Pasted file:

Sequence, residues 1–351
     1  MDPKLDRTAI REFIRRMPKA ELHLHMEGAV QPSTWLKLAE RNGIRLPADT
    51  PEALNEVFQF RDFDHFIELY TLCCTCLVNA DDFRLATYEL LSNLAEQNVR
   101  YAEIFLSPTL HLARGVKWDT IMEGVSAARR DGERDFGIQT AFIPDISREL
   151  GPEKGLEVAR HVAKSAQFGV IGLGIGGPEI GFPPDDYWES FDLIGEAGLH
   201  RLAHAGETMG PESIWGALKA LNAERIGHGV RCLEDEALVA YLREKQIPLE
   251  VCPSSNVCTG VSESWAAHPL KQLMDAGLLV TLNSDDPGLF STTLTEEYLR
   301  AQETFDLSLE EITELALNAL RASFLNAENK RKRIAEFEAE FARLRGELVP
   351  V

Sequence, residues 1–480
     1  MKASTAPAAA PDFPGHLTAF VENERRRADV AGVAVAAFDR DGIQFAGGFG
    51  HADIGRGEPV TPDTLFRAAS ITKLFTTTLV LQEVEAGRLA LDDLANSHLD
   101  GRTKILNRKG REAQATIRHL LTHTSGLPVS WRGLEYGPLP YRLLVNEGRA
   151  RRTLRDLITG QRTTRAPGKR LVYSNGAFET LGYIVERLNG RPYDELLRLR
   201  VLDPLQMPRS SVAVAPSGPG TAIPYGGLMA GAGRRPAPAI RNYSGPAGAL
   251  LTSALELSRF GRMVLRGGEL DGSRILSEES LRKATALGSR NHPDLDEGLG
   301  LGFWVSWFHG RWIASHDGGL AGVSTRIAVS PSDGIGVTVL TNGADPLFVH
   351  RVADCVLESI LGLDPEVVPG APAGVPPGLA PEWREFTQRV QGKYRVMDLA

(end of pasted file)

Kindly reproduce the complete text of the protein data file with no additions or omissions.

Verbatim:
Sequence, residues 1–351
     1  MDPKLDRTAI REFIRRMPKA ELHLHMEGAV QPSTWLKLAE RNGIRLPADT
    51  PEALNEVFQF RDFDHFIELY TLCCTCLVNA DDFRLATYEL LSNLAEQNVR
   101  YAEIFLSPTL HLARGVKWDT IMEGVSAARR DGERDFGIQT AFIPDISREL
   151  GPEKGLEVAR HVAKSAQFGV IGLGIGGPEI GFPPDDYWES FDLIGEAGLH
   201  RLAHAGETMG PESIWGALKA LNAERIGHGV RCLEDEALVA YLREKQIPLE
   251  VCPSSNVCTG VSESWAAHPL KQLMDAGLLV TLNSDDPGLF STTLTEEYLR
   301  AQETFDLSLE EITELALNAL RASFLNAENK RKRIAEFEAE FARLRGELVP
   351  V

Sequence, residues 1–480
     1  MKASTAPAAA PDFPGHLTAF VENERRRADV AGVAVAAFDR DGIQFAGGFG
    51  HADIGRGEPV TPDTLFRAAS ITKLFTTTLV LQEVEAGRLA LDDLANSHLD
   101  GRTKILNRKG REAQATIRHL LTHTSGLPVS WRGLEYGPLP YRLLVNEGRA
   151  RRTLRDLITG QRTTRAPGKR LVYSNGAFET LGYIVERLNG RPYDELLRLR
   201  VLDPLQMPRS SVAVAPSGPG TAIPYGGLMA GAGRRPAPAI RNYSGPAGAL
   251  LTSALELSRF GRMVLRGGEL DGSRILSEES LRKATALGSR NHPDLDEGLG
   301  LGFWVSWFHG RWIASHDGGL AGVSTRIAVS PSDGIGVTVL TNGADPLFVH
   351  RVADCVLESI LGLDPEVVPG APAGVPPGLA PEWREFTQRV QGKYRVMDLA